So that gives a basic run through the process of creating resources and projects within Project Server 2010 using nothing but the Internet Explorer browser.

There is much more to Project Server 2010 than what I went over in this post but I hope this helps you get started.

Saturday, July 10, 2010

TechDays 2010 is Coming to Halifax

(click to view the image full size)

TechDays 2010 is coming to the Maritimes and will be in Halifax for two information filled days on November 2nd and 3rd at the World Trade and Convention Centre.

TechDays will be held in other Canadian cities too if you happen to be elsewhere in the country (Vancouver, Edmonton, Calgary, Winnipeg, Toronto, Ottawa, and Montreal). The dates vary so check out the TechDays web site for more information on the schedule for the other cities.

Aside from being far less expensive than its parent event (TechEd), TechDays is two full days of sessions with over 50 live sessions across 6 tracks. One of the tracks is a 'Local Flavours' track with sessions from local experts on technical issues that might be more prominent in our region.

Being surrounded by developers from all parts of the Maritimes and having direct access to Microsoft experts and consultants makes this event very rewording.

There is early bird pricing for $349.99 + tax which is 50% off the full price of $699.99! The early bird discount runs out 6 weeks before the event and by my calculations that would be September 21st, 2010 for the Halifax location.

It sounds like a lot of money but to attend the parent conference in the US, TechEd, would cost thousands in registration, transportation, and hotels. With a local event like this one, the costs are far less.

I would recommend not waiting until the last minute to book this event because last year the Halifax event sold out!

For more information and to register you can visit Microsoft's TechDays site:

JavaScript Debugging in Firefox Using the Firebug Add-On

In this article we will discuss debugging JavaScript in Firefox by means of an add-on called Firebug (version 1.5.4).

If you need to debug JavaScript using Internet Explorer you can check out my blog post on using the Internet Explorer Developer Tools.

Aside from being able to debug JavaScript, Firebug also allows you to view HTML markup, CSS, inspect the DOM, monitor network requests, and much more.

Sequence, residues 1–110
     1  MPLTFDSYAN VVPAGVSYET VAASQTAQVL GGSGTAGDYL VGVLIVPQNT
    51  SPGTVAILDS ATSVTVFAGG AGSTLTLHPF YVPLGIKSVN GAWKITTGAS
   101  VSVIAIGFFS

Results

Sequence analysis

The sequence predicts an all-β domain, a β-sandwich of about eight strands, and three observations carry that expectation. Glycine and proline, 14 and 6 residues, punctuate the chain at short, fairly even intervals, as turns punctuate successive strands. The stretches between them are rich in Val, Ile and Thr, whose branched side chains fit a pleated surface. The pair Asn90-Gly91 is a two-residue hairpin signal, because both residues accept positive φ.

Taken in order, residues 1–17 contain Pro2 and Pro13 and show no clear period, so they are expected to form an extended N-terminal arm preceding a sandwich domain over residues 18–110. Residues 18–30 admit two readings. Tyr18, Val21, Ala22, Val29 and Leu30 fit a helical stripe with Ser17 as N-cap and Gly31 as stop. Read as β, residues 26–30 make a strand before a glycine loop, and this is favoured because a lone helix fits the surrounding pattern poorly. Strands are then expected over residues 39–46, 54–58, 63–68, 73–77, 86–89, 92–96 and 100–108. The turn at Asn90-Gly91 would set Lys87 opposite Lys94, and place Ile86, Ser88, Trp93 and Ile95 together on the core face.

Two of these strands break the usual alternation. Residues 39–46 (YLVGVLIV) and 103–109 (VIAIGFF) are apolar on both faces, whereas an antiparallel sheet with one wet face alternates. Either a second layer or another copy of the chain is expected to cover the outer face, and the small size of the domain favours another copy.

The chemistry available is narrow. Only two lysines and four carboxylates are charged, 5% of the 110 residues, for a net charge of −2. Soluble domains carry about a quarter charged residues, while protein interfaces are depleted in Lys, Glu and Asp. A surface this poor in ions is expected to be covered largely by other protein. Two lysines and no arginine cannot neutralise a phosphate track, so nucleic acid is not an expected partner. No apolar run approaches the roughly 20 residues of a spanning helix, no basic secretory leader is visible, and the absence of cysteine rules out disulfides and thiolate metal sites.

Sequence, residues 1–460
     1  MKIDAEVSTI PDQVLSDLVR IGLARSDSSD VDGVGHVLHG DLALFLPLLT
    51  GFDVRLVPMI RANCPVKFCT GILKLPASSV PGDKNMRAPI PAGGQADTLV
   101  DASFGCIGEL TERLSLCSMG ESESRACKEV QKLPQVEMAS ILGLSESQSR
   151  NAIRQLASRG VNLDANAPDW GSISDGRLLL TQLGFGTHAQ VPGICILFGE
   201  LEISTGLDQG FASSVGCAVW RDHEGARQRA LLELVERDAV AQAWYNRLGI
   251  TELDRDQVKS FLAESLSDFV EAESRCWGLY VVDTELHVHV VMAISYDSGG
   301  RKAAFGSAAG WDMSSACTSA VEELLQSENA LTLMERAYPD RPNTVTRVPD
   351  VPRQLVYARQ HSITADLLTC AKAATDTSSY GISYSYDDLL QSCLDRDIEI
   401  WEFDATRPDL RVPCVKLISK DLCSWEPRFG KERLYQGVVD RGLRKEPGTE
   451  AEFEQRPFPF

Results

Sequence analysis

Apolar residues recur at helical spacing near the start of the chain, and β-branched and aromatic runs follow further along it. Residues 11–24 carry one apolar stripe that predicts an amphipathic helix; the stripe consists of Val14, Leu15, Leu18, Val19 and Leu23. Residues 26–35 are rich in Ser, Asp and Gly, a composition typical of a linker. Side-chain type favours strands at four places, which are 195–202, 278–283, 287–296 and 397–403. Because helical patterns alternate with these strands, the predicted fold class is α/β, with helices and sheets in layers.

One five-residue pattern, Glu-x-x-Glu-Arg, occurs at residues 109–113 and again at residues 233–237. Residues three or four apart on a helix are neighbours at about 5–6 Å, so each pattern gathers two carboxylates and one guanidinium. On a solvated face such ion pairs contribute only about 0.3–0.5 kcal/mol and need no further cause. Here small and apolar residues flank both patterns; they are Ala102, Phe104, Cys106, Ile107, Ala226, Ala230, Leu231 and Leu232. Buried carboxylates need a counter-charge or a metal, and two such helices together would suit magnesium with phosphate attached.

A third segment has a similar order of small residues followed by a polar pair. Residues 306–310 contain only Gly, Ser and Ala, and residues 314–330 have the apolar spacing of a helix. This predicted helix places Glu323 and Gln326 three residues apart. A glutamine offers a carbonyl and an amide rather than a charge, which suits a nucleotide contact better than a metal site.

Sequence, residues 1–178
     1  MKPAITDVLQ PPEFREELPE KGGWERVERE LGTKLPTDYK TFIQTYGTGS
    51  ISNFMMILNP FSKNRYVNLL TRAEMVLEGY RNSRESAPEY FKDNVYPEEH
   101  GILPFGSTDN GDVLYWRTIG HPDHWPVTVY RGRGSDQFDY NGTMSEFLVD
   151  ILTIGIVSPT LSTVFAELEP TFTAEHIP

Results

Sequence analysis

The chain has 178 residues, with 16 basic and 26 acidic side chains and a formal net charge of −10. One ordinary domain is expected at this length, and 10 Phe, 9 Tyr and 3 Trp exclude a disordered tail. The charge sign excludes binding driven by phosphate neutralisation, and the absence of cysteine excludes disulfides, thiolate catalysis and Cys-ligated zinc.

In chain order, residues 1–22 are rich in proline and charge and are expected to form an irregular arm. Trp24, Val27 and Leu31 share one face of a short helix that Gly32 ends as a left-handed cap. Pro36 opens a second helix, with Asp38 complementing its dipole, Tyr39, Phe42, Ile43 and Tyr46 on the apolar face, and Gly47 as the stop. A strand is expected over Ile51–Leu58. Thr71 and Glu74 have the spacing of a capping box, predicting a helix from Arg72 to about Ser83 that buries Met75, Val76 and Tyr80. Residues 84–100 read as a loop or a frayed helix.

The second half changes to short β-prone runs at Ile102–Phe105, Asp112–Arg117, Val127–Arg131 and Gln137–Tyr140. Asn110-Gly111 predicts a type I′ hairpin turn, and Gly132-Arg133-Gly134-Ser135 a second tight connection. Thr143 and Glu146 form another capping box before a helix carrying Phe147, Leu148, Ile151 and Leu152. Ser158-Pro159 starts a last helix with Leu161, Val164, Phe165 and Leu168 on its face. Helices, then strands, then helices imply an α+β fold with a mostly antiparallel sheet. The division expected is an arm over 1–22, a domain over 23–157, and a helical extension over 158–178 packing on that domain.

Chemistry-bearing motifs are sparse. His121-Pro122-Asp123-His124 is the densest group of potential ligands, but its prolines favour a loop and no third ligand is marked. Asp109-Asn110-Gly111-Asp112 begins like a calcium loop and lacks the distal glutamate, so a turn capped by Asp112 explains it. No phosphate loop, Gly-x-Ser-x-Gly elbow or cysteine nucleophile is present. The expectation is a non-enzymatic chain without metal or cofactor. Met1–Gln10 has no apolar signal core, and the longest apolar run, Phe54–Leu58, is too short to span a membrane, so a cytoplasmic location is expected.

For the purpose of this discussion we're only going to focus on the JavaScript debugging aspect of Firebug but I recommend exploring the other features in Firebug because many will prove useful in your day-to-day web development efforts.

Once you've installed the Firebug add-on there will be a small bug image in the status bar:

You can click on the bug image in the status bar to launch Firebug for the current window. You can also open Firebug by using the menu (Tools, Firebug, Open Firebug) or by pressing F12. The following is a screen shot of Firebug open in a window:

(click to view the image full size)

By default, Firebug opens as a pane at the bottom of which ever window had the focus. This is not always desired especially when trying to inspect a small pop-up window with limited space. You can open Firebug in its own window by using the menu (Tools, Firebug, Open Firebug in New Window) or by pressing Ctrl + F12.

The first time you launch Firebug, the information displayed will be the HTML markup of the page itself (the HTML tab). Since we wish to do JavaScript debugging, we need to switch to the Script tab as illustrated in the following image:

(click to view the image full size)

If you are following best practices for web development your JavaScript code should be located in a separate file.

 On the left pane's toolbar, in Firebug, is a drop-down menu that will show a list of all JavaScript files that are currently loaded for the page. Select the JavaScript file from the list that contains the code you wish to debug.

(click to view the image full size)

If you need to search the selected file for a particular item, you can do so by using the small search box in the top-right corner of Firebug:

(click to view the image full size)

Once you find the code that you wish to debug you can set a breakpoint by clicking in the margin or by right-clicking and choosing 'Set Breakpoint' from the context menu.

(click to view the image full size)

Note: Unlike Visual Studio and the Internet Explorer Developer Tools, you cannot set a breakpoint by pressing F9.

One nice thing about Firebug is that you don't have to tell it to start debugging. The next time the breakpoint is hit Firebug will take you to that line automatically. 

The Firebug toolbar contains some buttons to help with the stepping into, over, and out of code. You can also use keyboard shortcuts rather than the toolbar buttons (Step Into is F11, Step Over is F10, and Step Out is Shift + F11).

(click to view the image full size)

Another nice feature of Firebug is that you don't need to add a variable to the Watch window to see its value. You can simply hover the mouse over the value and see a tooltip. 

If you wish to add a variable to the Watch window you can do so by selecting the item, right-click on it, and then select 'Add Watch' from the context menu. You can also click in the watch window where the text 'New watch expression...' is and then type in the variable name.

(click to view the image full size)

And there you have it. Debugging JavaScript using the Firebug add-on within Firefox.